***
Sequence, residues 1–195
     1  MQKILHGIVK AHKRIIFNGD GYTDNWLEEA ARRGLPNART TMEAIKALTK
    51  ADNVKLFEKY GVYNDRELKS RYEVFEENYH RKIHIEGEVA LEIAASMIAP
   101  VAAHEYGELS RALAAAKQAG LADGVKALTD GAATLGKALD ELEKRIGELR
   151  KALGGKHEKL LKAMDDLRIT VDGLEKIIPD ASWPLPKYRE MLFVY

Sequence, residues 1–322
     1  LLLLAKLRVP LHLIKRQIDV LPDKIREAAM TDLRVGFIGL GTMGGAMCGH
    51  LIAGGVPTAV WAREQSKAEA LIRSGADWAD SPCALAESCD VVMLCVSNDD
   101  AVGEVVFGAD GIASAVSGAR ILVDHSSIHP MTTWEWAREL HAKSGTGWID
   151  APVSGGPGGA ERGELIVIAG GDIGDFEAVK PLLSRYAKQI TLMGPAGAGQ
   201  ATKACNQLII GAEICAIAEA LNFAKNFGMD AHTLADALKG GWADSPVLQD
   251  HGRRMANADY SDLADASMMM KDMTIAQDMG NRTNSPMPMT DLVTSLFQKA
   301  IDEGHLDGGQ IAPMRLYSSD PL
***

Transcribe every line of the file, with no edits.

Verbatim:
Sequence, residues 1–195
     1  MQKILHGIVK AHKRIIFNGD GYTDNWLEEA ARRGLPNART TMEAIKALTK
    51  ADNVKLFEKY GVYNDRELKS RYEVFEENYH RKIHIEGEVA LEIAASMIAP
   101  VAAHEYGELS RALAAAKQAG LADGVKALTD GAATLGKALD ELEKRIGELR
   151  KALGGKHEKL LKAMDDLRIT VDGLEKIIPD ASWPLPKYRE MLFVY

Sequence, residues 1–322
     1  LLLLAKLRVP LHLIKRQIDV LPDKIREAAM TDLRVGFIGL GTMGGAMCGH
    51  LIAGGVPTAV WAREQSKAEA LIRSGADWAD SPCALAESCD VVMLCVSNDD
   101  AVGEVVFGAD GIASAVSGAR ILVDHSSIHP MTTWEWAREL HAKSGTGWID
   151  APVSGGPGGA ERGELIVIAG GDIGDFEAVK PLLSRYAKQI TLMGPAGAGQ
   201  ATKACNQLII GAEICAIAEA LNFAKNFGMD AHTLADALKG GWADSPVLQD
   251  HGRRMANADY SDLADASMMM KDMTIAQDMG NRTNSPMPMT DLVTSLFQKA
   301  IDEGHLDGGQ IAPMRLYSSD PL